Lithium Treatment Decreases Activities of Tau Kinases in a Murine Model of Senescence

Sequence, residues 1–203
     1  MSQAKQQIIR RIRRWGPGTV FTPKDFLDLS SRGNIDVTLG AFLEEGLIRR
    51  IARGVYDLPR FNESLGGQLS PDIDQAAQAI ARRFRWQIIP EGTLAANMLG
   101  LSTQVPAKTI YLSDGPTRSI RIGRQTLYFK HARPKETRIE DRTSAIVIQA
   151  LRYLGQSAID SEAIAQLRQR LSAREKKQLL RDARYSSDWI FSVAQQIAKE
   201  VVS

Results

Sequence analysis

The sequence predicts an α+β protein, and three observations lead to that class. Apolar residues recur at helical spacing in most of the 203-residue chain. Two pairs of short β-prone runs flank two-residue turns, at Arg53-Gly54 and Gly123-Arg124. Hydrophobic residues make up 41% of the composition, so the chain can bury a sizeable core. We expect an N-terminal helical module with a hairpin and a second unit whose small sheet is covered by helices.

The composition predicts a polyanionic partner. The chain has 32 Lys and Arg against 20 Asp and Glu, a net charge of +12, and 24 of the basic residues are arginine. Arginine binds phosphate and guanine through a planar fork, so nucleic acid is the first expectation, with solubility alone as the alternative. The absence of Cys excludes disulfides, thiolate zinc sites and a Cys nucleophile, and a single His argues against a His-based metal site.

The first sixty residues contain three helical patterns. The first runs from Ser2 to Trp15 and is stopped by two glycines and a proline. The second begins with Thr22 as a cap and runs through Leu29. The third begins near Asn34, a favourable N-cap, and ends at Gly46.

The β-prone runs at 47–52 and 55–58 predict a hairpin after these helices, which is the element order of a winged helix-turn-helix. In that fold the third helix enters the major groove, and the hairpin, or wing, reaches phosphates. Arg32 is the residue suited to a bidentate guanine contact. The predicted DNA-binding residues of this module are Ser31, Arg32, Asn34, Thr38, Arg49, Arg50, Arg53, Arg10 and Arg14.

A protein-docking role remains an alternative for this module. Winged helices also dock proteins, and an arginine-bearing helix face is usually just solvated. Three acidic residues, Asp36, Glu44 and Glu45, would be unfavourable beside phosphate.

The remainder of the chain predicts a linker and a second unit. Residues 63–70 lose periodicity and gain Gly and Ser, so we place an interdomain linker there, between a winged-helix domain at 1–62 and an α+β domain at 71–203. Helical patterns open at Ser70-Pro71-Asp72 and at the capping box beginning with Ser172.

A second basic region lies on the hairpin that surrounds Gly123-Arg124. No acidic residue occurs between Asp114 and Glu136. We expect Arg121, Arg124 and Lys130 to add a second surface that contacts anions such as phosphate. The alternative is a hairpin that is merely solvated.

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Lithium modulates glycogen synthase kinase 3β (GSK-3β), a kinase involved in Alzheimer disease-related tau pathology. To investigate mechanisms of aging and the potential therapy of lithium in neurodegenerative disease, we treated senescence-accelerated mouse (SAM)P8 mice, a murine model of senescence, and mice of the control SAMR1 strain with lithium. The treatment reduced hippocampal caspase 3 and calpain activation, indicating that it provides neuroprotection. Lithium also reduced both the levels and activity of GSK-3β and the activity of cyclin-dependent kinase 5 and reduced hyperphosphorylation of 3 different phosphoepitopes of tau: Ser199, Ser212, and Ser396. In lithium-treated primary cultures of SAMP8 and SAMR1 cerebellar neurons, there was a marked reduction in protease activity mediated by calpain and caspase 3. Both lithium and SB415286, a specific inhibitor of GSK-3β, reduced apoptosis in vitro. Taken together, these in vivo and in vitro findings of lithium-mediated reductions in GSK-3β and cyclin-dependent kinase 5 activities, tau phosphorylation, apoptotic activity, and cell death provide a strong rationale for the use of lithium as a potential treatment in neurodegenerative diseases.

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